"Swing" was the first music video I shot as a cinematographer. It was directed by my friend Mike Mantsourani and we worked on it back in late 2017. In Fall 2017, I was still in school but I only had one class to attend, so I was free to work on quite a few projects that semester. When it came time to shoot, I felt that I had rushed things a bit and didn't communicate things as well as I should have. I think Mike is pretty happy with the end results but I don't feel as strongly about the cinematography. In some shots, you can see dust on the lens which really irritated me because I couldn't see the spots off of my tiny camera screen. SOme shots were out of focus, another thing I couldn't see because of the small screen, which likely reduced the amount of usable shots which resulted in reshoots. I do remember the reshoots because it was entirely run-and-gun style and all naturally lit. The one problem with run-and-gun shoots was I couldn't plan how I was going to film what we needed. After all that was said and done, the last mistake I made was evidently clear when I saw the final cut: I forgot to tell Mike or the editor to apply a Lookup Table (or LUT for short) to the new shots. They would have looked a lot nicer, in my opinion, with them because the LUt would add colors to the shot. They currently look desaturated and/or washed out. I filmed in a logarithmic picture profile which gives my camera the highest dynamic range it can do, which is a fancy way of saying I can see more detail within the highlights and shadows of each shot.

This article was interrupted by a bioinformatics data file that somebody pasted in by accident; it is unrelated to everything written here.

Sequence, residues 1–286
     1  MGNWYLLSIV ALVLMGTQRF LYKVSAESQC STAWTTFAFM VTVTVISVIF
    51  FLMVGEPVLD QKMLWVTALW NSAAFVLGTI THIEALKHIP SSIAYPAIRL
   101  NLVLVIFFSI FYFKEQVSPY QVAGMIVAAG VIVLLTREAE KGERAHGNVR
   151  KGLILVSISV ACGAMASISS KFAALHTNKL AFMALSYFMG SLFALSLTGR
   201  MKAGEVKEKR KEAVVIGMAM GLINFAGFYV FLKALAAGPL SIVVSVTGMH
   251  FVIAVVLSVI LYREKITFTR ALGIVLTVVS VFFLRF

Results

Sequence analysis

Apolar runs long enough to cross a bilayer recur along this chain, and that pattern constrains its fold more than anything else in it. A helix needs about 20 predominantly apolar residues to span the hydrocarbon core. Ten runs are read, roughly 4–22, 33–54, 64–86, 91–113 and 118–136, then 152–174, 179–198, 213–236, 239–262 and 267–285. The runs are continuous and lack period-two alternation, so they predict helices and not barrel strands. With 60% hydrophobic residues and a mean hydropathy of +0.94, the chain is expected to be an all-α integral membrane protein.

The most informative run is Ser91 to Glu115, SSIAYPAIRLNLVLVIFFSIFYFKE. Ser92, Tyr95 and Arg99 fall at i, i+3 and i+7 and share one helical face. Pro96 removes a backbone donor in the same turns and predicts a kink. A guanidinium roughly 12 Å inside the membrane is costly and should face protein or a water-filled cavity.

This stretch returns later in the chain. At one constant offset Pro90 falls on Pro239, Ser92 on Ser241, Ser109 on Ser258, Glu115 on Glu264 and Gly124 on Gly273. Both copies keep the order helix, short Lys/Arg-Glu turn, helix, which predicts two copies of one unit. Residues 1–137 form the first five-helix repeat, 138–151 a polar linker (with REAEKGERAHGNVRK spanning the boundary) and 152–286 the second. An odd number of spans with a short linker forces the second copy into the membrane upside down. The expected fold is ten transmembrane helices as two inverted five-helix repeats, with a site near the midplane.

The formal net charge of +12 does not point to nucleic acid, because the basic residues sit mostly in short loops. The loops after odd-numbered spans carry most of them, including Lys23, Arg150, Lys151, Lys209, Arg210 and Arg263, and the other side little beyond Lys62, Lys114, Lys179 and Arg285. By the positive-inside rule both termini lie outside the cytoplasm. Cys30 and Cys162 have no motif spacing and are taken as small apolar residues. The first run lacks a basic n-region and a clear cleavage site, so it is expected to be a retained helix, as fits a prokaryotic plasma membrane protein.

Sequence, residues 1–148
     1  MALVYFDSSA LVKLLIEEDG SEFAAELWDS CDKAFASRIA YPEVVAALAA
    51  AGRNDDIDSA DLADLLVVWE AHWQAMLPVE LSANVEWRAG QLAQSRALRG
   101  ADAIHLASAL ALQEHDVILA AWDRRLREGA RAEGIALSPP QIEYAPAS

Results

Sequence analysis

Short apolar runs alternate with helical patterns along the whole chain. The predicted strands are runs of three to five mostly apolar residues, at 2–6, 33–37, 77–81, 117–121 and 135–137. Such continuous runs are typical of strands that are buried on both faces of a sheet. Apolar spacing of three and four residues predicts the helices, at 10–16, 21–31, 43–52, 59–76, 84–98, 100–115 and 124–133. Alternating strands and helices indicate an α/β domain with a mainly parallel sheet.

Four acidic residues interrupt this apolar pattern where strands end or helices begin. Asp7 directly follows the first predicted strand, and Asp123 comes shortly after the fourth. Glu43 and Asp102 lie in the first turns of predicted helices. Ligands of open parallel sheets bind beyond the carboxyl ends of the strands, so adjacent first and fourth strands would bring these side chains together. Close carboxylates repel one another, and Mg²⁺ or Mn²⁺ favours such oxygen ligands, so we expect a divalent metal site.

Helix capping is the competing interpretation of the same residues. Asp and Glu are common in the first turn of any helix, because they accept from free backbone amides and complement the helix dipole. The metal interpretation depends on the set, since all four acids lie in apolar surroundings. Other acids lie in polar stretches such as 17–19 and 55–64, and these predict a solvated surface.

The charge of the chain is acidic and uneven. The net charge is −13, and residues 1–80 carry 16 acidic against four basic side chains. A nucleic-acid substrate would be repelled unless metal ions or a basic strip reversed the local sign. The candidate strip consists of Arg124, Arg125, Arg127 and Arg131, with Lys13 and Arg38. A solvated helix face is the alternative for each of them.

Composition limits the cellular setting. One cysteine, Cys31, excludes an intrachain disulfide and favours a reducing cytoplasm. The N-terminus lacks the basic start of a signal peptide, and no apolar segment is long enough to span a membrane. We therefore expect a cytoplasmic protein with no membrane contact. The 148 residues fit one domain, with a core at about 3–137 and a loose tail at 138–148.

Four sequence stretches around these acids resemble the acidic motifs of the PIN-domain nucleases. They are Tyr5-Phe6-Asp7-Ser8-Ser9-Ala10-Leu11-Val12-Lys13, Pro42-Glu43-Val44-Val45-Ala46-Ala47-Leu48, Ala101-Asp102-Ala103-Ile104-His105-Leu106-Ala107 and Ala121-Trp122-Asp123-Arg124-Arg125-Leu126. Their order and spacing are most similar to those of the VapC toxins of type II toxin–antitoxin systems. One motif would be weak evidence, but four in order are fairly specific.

I should make it clear that I'm not trash-talking the music video, but rather my own efforts and my work within it. I liked that the music video had a very clear message about mental health and suicide awareness, I liked working with mike and the crew, and I think the song is really well done too. It's just another one of those projects where I think about what I could've done to make things better and the answer is: I could've and should've done a lot better given that my career up to that point had turned out some really well-shot films.